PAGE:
Kenyan Currency Value Bleeds on Against Peers as MSCI Denies Local Companies Entry

The Kenyan Shilling (Ksh) is experiencing significant fluctuations in its exchange rate against other East African Community (EAC) currencies.

As of August 1, 2023, USD could buy 3,608.4 Ugandan Shillings (UGX) and 2,454 Tanzanian Shillings (TZS), with the KES-UGX exchange rate of 0.04029 translates to 25.80 UGX for one Ksh.

Since March 2020, the UGX and TZS have gained 29.5% and 24.1% against the KES, with the Ksh trading at 17.30 TZS.

The depreciation of the Ksh against EAC currencies is affecting Kenyan exports and imports, affecting profit margins for businesses involved in regional trade.

The Ksh’s strength is indicated by its performance against the USD, with one USD equivalent to Ksh.153.10 as of November 2023.

The USD rate is crucial as it serves as a benchmark in international trade.

The performance of the Ksh against other EAC currencies can be indirectly influenced by the strength or weakness of the USD.

The Ksh’s trading performance against other EAC currencies, considering USD, presents a complex picture.

More Setback for Investors in Kenya

Morgan Stanley Capital International (MSCI) has denied Kenyan companies entry into its global stock market platform due to dollar shortages and financial turbulence.

The firm halted its operations in Kenya due to a decline in forex market liquidity, posing challenges for foreign investors in repatriating capital.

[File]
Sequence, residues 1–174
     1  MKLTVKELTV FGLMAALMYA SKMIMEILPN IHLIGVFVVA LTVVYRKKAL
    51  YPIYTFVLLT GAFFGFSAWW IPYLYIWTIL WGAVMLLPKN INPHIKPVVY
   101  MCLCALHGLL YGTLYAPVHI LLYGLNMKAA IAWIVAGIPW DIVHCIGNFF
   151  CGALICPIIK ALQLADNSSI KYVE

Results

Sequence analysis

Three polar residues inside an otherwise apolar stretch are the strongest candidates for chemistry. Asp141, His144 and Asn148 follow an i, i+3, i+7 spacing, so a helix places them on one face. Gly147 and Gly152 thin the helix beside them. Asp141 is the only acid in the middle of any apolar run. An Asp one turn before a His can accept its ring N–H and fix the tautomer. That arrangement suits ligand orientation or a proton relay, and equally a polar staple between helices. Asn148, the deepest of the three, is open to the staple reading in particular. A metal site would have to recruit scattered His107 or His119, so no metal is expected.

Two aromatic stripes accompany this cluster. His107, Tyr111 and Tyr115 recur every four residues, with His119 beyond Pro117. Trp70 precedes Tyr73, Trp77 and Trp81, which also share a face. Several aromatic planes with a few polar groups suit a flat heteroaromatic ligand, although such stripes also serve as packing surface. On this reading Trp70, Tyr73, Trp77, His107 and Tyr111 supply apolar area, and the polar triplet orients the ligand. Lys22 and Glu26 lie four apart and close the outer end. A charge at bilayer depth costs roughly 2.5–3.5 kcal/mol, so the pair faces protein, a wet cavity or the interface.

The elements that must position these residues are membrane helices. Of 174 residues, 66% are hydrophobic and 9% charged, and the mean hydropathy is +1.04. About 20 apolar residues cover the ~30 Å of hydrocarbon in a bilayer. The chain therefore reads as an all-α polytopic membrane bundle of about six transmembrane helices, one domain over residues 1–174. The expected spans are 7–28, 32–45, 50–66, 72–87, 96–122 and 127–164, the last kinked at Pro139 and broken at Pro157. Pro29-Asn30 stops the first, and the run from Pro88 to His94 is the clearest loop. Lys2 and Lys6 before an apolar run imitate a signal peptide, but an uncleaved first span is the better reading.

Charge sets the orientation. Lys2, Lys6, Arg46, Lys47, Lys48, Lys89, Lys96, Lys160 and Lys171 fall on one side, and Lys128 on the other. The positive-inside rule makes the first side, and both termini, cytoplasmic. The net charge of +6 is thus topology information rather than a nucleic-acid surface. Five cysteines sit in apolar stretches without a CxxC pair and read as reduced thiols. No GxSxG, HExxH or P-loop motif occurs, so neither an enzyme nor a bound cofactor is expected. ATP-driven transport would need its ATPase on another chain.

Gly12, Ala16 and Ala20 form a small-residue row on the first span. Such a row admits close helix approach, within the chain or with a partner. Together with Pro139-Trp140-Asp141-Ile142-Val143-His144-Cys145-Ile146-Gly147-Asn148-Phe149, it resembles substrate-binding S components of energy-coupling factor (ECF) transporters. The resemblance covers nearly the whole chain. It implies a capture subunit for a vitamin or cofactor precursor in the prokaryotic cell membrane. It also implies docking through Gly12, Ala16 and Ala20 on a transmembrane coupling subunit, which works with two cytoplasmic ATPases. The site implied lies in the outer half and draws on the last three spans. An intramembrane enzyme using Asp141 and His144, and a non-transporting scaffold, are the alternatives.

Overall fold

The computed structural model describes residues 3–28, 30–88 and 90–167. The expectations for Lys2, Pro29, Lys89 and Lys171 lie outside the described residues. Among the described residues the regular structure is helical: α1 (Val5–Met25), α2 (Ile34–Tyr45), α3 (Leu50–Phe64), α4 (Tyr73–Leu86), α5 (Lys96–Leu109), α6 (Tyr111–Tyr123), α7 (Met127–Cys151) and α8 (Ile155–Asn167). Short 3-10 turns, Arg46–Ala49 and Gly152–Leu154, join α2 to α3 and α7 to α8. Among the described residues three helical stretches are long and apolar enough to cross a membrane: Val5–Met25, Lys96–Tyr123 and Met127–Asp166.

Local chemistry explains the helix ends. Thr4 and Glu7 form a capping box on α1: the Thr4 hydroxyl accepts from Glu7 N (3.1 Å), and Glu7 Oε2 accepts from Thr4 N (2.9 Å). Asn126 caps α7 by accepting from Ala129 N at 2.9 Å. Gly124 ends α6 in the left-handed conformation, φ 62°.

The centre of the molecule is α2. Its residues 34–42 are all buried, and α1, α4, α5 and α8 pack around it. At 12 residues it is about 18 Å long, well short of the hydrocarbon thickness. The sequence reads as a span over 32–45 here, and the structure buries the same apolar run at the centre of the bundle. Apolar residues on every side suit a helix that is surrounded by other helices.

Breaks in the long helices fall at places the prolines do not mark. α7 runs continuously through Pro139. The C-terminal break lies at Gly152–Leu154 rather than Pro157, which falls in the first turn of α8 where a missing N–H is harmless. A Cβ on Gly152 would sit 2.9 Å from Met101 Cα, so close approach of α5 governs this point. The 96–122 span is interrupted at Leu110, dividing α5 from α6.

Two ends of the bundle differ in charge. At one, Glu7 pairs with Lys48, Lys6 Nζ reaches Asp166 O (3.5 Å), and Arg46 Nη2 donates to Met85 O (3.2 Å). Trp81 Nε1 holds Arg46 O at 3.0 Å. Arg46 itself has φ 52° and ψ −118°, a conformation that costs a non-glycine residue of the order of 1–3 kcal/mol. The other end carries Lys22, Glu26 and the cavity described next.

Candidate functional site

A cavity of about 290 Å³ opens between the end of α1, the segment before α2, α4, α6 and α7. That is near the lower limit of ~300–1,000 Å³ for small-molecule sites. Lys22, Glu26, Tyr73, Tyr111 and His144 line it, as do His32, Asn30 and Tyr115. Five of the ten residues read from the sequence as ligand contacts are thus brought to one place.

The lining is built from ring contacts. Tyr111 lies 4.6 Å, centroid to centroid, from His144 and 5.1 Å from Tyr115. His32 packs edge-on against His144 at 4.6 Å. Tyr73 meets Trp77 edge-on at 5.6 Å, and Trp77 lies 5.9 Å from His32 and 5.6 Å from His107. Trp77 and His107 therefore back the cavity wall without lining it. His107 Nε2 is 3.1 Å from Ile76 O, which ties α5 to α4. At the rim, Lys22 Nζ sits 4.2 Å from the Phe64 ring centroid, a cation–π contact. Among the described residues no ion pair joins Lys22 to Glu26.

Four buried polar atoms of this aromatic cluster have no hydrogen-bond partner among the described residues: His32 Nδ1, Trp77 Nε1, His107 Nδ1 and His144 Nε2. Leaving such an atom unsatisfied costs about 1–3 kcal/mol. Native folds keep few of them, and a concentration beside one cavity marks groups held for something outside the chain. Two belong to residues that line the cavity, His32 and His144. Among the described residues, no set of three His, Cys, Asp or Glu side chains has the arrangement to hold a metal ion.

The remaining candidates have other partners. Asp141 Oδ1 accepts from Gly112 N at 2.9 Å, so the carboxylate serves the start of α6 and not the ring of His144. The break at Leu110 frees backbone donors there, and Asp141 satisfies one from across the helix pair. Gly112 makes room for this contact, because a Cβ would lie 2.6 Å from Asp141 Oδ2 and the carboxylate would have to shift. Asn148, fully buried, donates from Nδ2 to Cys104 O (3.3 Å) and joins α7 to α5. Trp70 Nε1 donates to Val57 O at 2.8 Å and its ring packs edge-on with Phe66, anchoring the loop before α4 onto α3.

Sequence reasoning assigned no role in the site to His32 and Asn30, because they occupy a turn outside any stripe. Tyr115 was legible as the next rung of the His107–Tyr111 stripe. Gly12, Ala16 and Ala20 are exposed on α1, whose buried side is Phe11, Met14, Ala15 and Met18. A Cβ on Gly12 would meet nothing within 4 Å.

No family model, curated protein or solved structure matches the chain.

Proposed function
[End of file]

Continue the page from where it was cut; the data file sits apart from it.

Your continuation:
“In light of currently observed market accessibility issues, MSCI will not implement changes as part of this Index Review for any securities classified in Bangladesh, Egypt, Kenya, or Nigeria…” said the MSCI.

The MSCI Kenya Index tracks three Kenyan blue chips, Safaricom, Equity Group, and EABL, exposing them to foreign investors who often dominate trading on these counters.

KCB Group is listed in the MSCI Frontier Markets Small Cap Index, despite meeting criteria, as the review moratorium prevents other listed firms from joining.

Periodic reviews, conducted quarterly in February, May, August, and November, enable the introduction or removal of constituent companies and their weighting within the index.

The Nairobi Securities Exchange’s (NSE) status review provides foreign investors with a current view, enabling informed investment decisions, but a freeze discourages foreign inflows due to market caution.

The review will also affect Bangladesh, Egypt and Nigeria

Lawrence Baraza

Lawrence Baraza is a dynamic journalist currently overseeing content at Metropol TV Digital. With a keen focus on business news and analytics, Lawrence guides the platform in delivering insightful, data-driven content that empowers its audience to make informed decisions. Lawrence’s commitment to quality and his ability to anticipate market trends make him a key figure in the digital media landscape. His work continues to shape the way business news is consumed, making a significant impact in the field.

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